• Else, if the process was created by the Shell­Execute­Ex function, and the SEE_MASK_HMONITOR flag was passed in the SHELL­EXECUTE­INFO structure, then the window goes onto the specified monitor.
    • Else, the window goes on the primary monitor.

    Next, we have to choose a location on that monitor.

    • If this is the first time we need to choose a default location on a monitor, or if the previous default location is too close to the bottom right corner of the monitor, then act as if the previous default location for the monitor was the upper left corner of the monitor.
    • The next default location on a monitor is offset from the previous default location, diagonally down and to the right.
      • The vertical offset is chosen so that the top edge of the new window lines up against the bottom of the previous window's caption.
      • The horizontal offset is chosen so that the left edge of the new window lines up against the right edge of the caption icon of the previous window.

    The effect of this algorithm is that if you open a bunch of default-positioned windows on a monitor, they line up in a pretty cascade marching down and to the right, until the cascade goes too far, and then they return to the upper left and resume cascading.

    Finally, after choosing a monitor and a location on the monitor, the selected location is adjusted (if possible) so that the window does not span monitors.

    And that's it, the default-window-positioning algorithm, as it existed in an unspecified version of Windows. Remember, this algorithm has been tweaked in the past, and it will get tweaked more in the future, so don't rely on it.

  • The Old New Thing

    Why are there both FIND and FINDSTR programs, with unrelated feature sets?

    • 35 Comments
    Jonathan wonders why we have both find and findstr, and furthermore, why the two programs have unrelated features. The find program supports UTF-16, which findstr doesn't; on the other hand, the findstr program supports regular expressions, which find does not.

    The reason why their feature sets are unrelated is that the two programs are unrelated.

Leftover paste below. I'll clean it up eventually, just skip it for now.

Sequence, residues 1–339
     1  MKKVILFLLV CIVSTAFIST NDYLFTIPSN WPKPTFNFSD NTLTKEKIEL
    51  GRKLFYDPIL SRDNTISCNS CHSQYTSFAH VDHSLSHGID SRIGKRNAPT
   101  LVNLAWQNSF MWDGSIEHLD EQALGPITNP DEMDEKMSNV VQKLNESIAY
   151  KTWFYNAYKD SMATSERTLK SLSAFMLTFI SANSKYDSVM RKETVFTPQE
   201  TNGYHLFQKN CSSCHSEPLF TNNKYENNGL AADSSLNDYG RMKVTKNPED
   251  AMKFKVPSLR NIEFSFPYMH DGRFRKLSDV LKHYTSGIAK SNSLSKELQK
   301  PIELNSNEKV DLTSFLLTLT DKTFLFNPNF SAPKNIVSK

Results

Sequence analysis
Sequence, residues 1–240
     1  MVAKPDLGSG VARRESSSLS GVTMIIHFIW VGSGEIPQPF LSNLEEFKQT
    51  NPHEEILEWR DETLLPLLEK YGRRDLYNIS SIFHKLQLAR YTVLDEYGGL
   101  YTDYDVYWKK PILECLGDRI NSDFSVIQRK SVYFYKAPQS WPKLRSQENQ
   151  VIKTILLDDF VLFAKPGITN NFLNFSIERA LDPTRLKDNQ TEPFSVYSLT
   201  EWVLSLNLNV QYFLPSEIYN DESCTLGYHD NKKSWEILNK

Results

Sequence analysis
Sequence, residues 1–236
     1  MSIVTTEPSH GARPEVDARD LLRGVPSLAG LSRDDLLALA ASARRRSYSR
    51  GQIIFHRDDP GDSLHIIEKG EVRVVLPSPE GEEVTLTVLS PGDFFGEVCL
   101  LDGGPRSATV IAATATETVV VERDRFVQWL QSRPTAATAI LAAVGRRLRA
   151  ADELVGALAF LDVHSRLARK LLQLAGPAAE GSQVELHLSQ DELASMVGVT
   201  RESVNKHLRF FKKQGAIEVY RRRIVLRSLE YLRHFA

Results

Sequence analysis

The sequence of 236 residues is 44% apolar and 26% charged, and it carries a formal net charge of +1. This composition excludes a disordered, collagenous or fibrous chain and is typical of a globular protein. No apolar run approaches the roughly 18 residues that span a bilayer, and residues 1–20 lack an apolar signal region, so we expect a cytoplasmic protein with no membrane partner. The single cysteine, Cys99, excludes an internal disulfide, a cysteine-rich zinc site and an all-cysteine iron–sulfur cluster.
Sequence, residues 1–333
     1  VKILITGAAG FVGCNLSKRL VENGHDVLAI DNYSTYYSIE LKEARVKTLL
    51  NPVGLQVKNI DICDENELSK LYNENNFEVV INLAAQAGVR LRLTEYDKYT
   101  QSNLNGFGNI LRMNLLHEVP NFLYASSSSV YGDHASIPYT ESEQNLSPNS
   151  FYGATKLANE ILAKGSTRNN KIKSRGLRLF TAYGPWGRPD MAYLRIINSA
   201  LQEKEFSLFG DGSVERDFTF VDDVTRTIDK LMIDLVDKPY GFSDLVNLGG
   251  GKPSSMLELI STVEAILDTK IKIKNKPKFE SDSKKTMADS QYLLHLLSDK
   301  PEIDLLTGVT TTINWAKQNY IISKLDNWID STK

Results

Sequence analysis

The find program came first. As I noted in the article, the find program dates back to 1982. When it was ported to Windows NT, Unicode support was added. But nobody bothered to add any features to it. It was intended to be a straight port of the old MS-DOS program.

    Meanwhile, one of my colleagues over on the MS-DOS team missed having a grep program, so he wrote his own. Developers often write these little tools to make their lives easier. This was purely a side project, not an official part of any version of MS-DOS or Windows. When he moved to the Windows 95 team, he brought his little box of tools with him, and he ported some of them to Win32 in his spare time because, well, that's what programmers do. (This was back in the days when programmers loved to program anything in their spare time.)

    And that's where things stood for a long time. The official find program just searched for fixed strings, but could do so in Unicode. Meanwhile, my colleague's little side project supported regular expressions but not Unicode.

    And then one day, the Windows 2000 Resource Kit team said, "Hey, that's a pretty cool program you've got there. Mind if we include it in the Resource Kit?"

    "Sure, why not," my colleague replied. "It's useful to me, maybe it'll be useful to somebody else."

    So in it went, under the name qgrep.

    Next, the Windows Resource Kit folks said, "You know, it's kind of annoying that you have to go install the Resource Kit just to get these useful tools. Wouldn't it be great if we put the most useful ones in the core Windows product?" I don't know what sort of cajoling was necessary, but they convinced the Windows team to add a handful of Resource Kit programs to Windows. Along the way, qgrep somehow changed its name to findstr. (Other Resource Kit programs kept their names, like where and diskraid.)

    So there you have it. You can think of the find and findstr programs as examples of parallel evolution.

  • The Old New Thing

    If you're going to write your own allocator, you need to respect the MEMORY_ALLOCATION_ALIGNMENT

    • 22 Comments

    This time, I'm not going to set up a story. I'm just going to go straight to the punch line.

    A customer overrode the new operator in order to add additional instrumentation. Something like this:

    struct EXTRASTUFF
    {
        DWORD Awesome1;
        DWORD Awesome2;
    };
    
    // error checking elided for expository purposes
    void *operator new(size_t n)
    {